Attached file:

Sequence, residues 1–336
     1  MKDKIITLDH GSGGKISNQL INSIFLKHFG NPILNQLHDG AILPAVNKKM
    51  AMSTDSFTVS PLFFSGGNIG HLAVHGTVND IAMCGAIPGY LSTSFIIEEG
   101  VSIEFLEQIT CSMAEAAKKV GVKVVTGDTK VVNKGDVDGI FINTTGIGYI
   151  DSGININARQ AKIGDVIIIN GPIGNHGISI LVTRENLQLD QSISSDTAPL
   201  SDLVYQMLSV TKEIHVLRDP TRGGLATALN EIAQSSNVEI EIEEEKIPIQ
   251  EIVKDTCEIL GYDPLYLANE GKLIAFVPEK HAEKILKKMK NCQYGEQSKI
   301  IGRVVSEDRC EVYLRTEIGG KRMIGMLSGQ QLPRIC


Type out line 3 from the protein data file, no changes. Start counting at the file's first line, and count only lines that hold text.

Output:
    51  AMSTDSFTVS PLFFSGGNIG HLAVHGTVND IAMCGAIPGY LSTSFIIEEG